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An Extraordinary Man

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One of the best books ever written about the Subud experience.

An Extraordinary Man

Stories of Subud members’ experiences
of Bapak Muhammad Subuh Sumohadiwidjojo 1901 – 1987

Compiled and Edited by
 Emmanuel Williams (USA) and 
Ilaina Lennard (UK)

Reprinted in the UK February 2015
 by Subud Publications International

The views and beliefs presented in this book are exclusively those of the authors and can not be construed as being those of the World Subud Association.

An Extraordinary Man

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It began at the 2008 USA National Congress. People were telling stories of their experiences of Bapak. Funny, deeply touching, won- derfulstories.Iwas thinkingasIlistenedthatthestory-tellers,all members of the generation who knew Bapak, met him at gatherings, greeted him at airports, drove him across cities, cleaned vegetables for him in kitchens, sat – awake or asleep - as he gave a talk, are growing old. As I am. Quite soon we’ll all be gone, we first genera- tioners. We’ll be off in another dimension doing special latihans with fallen angels and testing for committee positions, and the stories of our encounters with Bapak will disappear. Someone should collect them, I thought. Put them in a book. Definitely.
Then I realized that this someone was me.
Oh. Right, well okay then.
So I announced my intention at a plenary and began collecting stories.
That was over a year ago. Since then the Bapak book has been a major presence in my life, and it will seem strange not to be working on it any more. Now that it’s done I’ve been wondering why this task came my way. I find three reasons that make sense to me, although there are doubtless more -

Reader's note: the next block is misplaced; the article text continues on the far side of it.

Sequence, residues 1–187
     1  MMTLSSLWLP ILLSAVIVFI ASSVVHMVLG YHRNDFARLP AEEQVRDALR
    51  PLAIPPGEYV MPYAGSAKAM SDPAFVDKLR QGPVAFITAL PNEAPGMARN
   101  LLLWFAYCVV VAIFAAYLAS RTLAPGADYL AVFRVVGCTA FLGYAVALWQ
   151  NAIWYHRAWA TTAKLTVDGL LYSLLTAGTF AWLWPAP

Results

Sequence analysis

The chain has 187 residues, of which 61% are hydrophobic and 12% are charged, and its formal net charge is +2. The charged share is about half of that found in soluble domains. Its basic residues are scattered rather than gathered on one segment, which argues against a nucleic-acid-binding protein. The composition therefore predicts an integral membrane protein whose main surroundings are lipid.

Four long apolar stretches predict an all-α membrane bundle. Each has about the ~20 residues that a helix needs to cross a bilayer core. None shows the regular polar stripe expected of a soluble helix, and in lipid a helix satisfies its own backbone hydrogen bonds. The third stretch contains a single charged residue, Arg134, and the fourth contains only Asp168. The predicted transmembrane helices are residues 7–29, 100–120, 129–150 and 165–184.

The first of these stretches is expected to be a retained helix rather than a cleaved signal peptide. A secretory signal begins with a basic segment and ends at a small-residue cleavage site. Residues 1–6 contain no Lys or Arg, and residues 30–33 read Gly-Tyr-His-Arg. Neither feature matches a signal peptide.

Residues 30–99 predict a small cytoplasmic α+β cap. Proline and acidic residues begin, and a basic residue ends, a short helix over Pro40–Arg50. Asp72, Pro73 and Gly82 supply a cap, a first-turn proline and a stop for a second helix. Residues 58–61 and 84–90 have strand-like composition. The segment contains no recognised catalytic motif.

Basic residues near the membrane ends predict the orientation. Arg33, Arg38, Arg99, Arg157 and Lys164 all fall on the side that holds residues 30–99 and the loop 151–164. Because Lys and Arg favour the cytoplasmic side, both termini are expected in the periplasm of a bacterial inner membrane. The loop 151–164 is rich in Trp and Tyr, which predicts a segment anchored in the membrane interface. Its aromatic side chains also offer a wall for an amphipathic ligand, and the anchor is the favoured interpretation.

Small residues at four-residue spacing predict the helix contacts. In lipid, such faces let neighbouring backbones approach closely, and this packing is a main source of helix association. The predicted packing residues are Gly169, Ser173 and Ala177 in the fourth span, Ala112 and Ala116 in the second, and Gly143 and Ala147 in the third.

Subud is a tribe. One day, God willing, millions, even billions of human beings will be tribal members. Like all tribes, we need and seektobeconsciousofourorigins. Manyofthestoriesonthese pages tell of the early days of Subud, especially its arrival in the West.
Although I’ve been in Subud since 1961, and lived in Cilandak for 7 years, until I worked on this book, I had no idea who Bapak was, or is. I love him even more than I did. And I’ve found that, as my un- derstanding of Bapak deepens, so does my latihan. This may be be- cause, as Pak Kuswanda says, “Bapak is the latihan.” This spiritual boost is an unanticipated and very welcome gift. May it be given to you, dear reader.
Recently, a young, newly-opened Subud member told me she feels Bapak in her latihan and wishes she knew more about him. There are and will be many more like her. It’s my hope and prayer that this book will bring Bapak closer to the younger and future gen- erations of Subud members who never met him in the flesh.

This book is dedicated to them. To you second, third, fifth, tenth ‘generationers’, you rebel teenagers who shy away from Subud be- cause your parents are in it, you bubbling chortling babies destined to be opened years away from this misty morning in the Fall of 2009. God bless you all.
This book includes stories from members who never met Bapak in the flesh. Bapak is still with us.

An Extraordinary Man contains over two hundred stories of Subud members’ experiences of Bapak. The stories are organized thematically. You’ll find small sub-groups here and there – a sequence of Bapak dreams, a pair of overcoat stories, two miraculous rice sto- ries. A list of contributors is included at the back of the book.
My intention was that the book would have a choral feel - scores of voices telling their stories, one after another, each story bringing to life both the story-teller and the man they are about.
There are lots more Bapak stories out there, especially from non- English speakers. I hope someone will gather and share more of these.

Emmanuel Williams, October 2009